BRIDGETOWN, Feb 5 (Reuters) - Internationally acclaimed Barbadian poet, essayist and historian Edward Kamau Brathwaite, whose prolific writings sought to assert the identity of Caribbean peoples and their African roots, died at his home in Barbados on Tuesday. He was 89.
Born Lawson Edward Brathwaite in 1930 in the Barbadian capital Bridgetown when the nation was still under British colonial rule, he later adopted the Kenyan name Kamau, by which he was often simply known.
A jazz lover, Brathwaite was known for writing in and exalting the English spoken in the Caribbean with its African rhythms and timbre which he coined “nation language,” considering the term “dialect” pejorative.
Among his most celebrated works are the poetry volumes “The Arrivants: A New World Trilogy,” “Ancestors,” “Born to Slow Horses,” and “Elegguas,” as well as scholarly books like “History of the Voice: The Development of Nation Language in Anglophone Caribbean Poetry.”
Barbadian Prime Minister Mia Mottley praised Brathwaite as “easily one of the titans of post-colonial literature and the arts” in a statement to the press on Tuesday.
“His chronicling of our past through his magnificent works shone a powerful light on the realities of our present and, in turn, guided our sense of self and national identity.”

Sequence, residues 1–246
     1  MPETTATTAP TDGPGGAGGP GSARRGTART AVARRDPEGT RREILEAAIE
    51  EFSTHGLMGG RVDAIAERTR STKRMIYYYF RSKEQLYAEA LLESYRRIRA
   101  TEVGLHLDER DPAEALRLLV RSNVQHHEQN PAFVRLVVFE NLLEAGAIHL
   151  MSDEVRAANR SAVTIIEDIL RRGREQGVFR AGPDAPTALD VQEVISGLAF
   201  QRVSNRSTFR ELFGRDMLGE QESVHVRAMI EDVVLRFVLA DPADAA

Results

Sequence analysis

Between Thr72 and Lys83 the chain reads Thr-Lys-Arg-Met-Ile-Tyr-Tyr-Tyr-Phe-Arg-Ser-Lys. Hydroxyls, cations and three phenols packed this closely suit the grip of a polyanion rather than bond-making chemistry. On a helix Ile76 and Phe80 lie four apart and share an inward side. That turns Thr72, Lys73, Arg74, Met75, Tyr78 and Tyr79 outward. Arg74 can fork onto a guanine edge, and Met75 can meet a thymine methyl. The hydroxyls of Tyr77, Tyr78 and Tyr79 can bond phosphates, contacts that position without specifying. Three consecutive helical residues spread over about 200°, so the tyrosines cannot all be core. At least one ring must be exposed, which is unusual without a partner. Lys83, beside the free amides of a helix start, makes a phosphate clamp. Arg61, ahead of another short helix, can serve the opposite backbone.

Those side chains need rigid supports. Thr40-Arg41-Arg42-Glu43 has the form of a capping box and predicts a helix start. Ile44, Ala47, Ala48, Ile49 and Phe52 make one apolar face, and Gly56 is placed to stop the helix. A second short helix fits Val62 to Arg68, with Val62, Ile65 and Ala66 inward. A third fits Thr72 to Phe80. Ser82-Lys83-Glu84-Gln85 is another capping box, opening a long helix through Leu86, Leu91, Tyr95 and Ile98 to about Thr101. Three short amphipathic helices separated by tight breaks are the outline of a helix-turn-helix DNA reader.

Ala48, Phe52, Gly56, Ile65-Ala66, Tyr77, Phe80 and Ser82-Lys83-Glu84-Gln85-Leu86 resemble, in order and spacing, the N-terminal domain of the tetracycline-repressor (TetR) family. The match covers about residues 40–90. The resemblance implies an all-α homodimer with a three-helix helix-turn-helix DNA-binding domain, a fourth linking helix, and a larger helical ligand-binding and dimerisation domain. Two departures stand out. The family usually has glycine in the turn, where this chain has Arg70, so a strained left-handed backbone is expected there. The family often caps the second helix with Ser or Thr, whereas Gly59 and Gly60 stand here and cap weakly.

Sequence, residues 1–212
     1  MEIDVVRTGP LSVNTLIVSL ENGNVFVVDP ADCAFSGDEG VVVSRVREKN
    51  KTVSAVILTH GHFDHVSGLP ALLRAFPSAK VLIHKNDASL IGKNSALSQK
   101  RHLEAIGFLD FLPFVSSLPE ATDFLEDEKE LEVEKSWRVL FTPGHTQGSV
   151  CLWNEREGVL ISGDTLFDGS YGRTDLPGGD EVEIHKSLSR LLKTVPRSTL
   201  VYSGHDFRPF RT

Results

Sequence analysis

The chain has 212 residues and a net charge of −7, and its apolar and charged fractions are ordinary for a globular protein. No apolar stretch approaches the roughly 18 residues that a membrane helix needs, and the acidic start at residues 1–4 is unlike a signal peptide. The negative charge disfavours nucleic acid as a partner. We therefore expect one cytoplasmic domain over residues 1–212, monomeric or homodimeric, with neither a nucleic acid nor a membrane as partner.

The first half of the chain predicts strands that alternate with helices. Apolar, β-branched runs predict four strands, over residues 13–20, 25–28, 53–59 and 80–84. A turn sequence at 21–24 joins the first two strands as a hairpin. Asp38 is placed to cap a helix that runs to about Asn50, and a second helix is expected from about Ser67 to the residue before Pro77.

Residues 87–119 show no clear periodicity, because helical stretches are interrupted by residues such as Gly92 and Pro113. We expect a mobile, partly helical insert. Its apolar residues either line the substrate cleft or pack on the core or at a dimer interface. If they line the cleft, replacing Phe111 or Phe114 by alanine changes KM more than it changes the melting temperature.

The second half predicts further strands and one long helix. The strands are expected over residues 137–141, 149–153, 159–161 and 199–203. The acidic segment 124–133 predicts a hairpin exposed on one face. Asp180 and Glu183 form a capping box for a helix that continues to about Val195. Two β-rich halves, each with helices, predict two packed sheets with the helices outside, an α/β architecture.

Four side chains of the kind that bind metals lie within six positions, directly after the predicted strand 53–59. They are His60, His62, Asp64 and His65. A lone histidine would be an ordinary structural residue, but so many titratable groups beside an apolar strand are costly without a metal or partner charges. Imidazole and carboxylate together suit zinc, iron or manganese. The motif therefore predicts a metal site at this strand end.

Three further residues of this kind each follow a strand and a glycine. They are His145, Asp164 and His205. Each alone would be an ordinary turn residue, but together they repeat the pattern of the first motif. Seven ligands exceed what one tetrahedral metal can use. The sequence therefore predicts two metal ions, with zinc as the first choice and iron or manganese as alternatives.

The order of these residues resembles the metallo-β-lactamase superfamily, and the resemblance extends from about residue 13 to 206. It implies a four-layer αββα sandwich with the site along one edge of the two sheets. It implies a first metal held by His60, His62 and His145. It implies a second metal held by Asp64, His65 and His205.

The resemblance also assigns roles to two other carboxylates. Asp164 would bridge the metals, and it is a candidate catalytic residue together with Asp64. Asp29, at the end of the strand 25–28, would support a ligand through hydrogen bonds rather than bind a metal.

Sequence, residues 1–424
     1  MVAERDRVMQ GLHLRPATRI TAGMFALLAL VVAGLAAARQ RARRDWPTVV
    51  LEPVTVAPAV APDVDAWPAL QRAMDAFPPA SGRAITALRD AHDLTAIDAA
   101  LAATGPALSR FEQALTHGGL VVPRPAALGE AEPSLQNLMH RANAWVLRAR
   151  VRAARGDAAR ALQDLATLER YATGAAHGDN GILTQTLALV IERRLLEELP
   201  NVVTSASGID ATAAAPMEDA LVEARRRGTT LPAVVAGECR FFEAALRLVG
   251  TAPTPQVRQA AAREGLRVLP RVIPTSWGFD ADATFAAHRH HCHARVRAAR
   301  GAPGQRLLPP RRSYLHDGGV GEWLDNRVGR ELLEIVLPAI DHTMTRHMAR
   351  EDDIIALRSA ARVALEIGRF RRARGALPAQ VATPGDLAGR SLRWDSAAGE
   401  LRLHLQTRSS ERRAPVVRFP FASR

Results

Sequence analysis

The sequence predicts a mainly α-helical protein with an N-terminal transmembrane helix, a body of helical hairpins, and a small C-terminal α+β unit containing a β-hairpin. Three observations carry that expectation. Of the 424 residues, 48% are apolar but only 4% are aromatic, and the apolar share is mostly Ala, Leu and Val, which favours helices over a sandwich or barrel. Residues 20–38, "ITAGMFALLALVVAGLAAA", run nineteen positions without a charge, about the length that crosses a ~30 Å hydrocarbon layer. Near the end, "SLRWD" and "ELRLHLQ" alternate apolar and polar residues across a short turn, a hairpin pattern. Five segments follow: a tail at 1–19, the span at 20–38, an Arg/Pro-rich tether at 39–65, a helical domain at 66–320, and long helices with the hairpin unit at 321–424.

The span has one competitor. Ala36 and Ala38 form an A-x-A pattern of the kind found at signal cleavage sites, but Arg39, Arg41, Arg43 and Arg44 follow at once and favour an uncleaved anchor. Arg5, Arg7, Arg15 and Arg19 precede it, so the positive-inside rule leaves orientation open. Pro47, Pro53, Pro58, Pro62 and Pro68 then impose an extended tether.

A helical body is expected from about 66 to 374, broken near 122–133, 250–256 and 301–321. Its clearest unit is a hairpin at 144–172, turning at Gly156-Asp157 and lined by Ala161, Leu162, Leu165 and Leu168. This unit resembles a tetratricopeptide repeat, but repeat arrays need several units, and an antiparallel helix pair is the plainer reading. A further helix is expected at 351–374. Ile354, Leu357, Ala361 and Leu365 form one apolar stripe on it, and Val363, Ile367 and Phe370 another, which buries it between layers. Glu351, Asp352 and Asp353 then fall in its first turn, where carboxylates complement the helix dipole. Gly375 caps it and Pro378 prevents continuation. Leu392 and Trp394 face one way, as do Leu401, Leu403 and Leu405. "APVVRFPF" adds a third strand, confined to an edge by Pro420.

Educated at the British universities Cambridge and Sussex, he spent the early years of his career working as an education officer on the British colony of the Gold Coast, staying after it became independent as Ghana.
“Brathwaite familiarized himself with Ghanaian traditional verse and pre-colonial African myths, which would be influential to his own writing,” according to the jury of the Neustadt International Prize for Literature, which he won in 1994, edging out other finalists including Nobel laureates Toni Morrison, Seamus Heaney and Svetlana Alexievich.
He later returned to the Caribbean, working in Jamaica and Barbados, eventually taking up the position in 1992 of professor of comparative literature at New York University.
Brathwaite was the recipient of numerous international awards during his life, including a Guggenheim Fellowship, the Griffin Poetry Prize, the gold Musgrave Medal for Literature from the Institute of Jamaica, and Cuba’s Casa de las Americas Prize. Many critics, however, felt he was robbed of the Nobel Prize in Literature, given his rich and singular contribution to Caribbean writing. (Reporting by Robert Edison Sandiford in Bridgetown Editing by Sarah Marsh and Matthew Lewis)